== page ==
No. 65. (Russian Jew.) A girl of 18 years and her 16-year-old brother expected to join their father who is employed as a hospital attendant. They were separated at the time of rescue and their clothing and bedding and money were lost. After a month's rest the boy secured work with a druggist and the girl entered a dressmaking class. They are boarding with an aunt who has a comfortable home. Clothing was given from another source. ($50)
No. 248. (Russian Jew.) A boy of 16 years and his little sister of 11 years, came to this country to join their parents and brothers and sisters. The children were without money but lost all their clothing. At the time of rescue they absolutely refused to be parted and were lowered together from the burning steamer to the rescuing lifeboat. Arriving here, they clung to each other until the father reached the temporary shelter and claimed them. The man is a presser earning small and irregular wages and the wife's health is poor. The interest of a society of their own nationality was secured with a view to improving the man's wage-earning capacity and securing medical attention for the wife. Clothing was given the children through another source and the father was reimbursed in full by this Committee for the loss of their baggage. ($25)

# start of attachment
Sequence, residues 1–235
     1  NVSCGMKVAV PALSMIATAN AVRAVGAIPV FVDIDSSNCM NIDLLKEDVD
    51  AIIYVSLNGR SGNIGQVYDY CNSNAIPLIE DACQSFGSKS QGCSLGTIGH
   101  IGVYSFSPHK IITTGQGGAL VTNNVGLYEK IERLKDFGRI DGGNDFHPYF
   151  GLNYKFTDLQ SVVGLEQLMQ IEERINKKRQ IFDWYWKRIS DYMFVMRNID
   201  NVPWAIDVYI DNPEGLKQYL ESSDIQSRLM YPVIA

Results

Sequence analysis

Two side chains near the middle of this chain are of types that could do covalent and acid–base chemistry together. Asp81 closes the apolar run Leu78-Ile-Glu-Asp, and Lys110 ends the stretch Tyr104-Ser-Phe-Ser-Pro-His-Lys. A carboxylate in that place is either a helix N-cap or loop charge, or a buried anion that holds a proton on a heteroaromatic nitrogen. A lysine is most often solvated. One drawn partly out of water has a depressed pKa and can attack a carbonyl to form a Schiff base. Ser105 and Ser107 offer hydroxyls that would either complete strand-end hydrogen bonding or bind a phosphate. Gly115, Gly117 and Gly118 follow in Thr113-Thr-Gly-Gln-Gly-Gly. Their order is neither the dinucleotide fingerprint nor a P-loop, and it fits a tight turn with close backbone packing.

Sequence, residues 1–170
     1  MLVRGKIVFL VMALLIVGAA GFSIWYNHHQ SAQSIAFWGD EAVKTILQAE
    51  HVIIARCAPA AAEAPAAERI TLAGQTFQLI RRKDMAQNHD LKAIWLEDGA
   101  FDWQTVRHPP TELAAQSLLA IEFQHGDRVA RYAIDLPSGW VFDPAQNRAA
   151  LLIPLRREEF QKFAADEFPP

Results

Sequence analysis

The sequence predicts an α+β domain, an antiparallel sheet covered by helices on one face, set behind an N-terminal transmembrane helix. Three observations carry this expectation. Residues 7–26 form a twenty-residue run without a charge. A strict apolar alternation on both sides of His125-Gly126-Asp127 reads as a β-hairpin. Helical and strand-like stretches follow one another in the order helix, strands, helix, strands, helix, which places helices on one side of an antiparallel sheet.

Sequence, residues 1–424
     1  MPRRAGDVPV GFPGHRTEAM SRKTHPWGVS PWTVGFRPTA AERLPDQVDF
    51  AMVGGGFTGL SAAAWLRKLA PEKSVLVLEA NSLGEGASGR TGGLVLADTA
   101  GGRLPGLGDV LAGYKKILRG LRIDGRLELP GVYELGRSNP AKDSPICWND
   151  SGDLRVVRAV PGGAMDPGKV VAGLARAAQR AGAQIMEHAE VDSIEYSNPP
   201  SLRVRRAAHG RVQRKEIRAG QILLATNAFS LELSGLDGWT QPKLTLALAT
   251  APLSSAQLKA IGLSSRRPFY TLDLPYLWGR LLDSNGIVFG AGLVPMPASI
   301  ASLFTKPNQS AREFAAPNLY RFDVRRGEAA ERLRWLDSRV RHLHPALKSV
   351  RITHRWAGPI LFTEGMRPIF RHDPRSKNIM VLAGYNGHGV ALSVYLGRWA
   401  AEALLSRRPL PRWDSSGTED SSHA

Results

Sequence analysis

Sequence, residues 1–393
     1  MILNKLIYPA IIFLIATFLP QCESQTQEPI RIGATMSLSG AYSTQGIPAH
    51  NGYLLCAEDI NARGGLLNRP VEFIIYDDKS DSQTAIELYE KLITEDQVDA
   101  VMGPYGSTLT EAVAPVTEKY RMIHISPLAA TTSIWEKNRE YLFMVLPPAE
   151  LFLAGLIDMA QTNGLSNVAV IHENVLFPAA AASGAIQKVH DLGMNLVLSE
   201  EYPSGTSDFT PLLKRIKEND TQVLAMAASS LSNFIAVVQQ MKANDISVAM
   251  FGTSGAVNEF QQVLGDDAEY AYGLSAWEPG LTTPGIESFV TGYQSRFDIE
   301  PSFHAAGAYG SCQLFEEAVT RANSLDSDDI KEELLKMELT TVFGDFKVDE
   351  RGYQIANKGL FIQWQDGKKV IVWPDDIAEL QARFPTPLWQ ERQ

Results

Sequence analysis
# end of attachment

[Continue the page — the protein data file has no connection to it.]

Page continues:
No. 274. (Austrian Poles.) A girl of 8 years and her young brother of 6 years had been living with their grandparents since the migration of their own parents to this country four years ago. The parents saved money enough to send for their children who came under the guardianship of an uncle. The children when rescued were separated from the uncle and taken to Europe. Later they returned to New York. They received clothing and $40 from a European relief fund. The uncle was saved by another steamer. Anxiety over the fate of the children prevented him from going to work at once. The Committee therefore gave him $25 to remit to his family which is still in Europe and looks to him for support. Children - no relief, uncle ($25)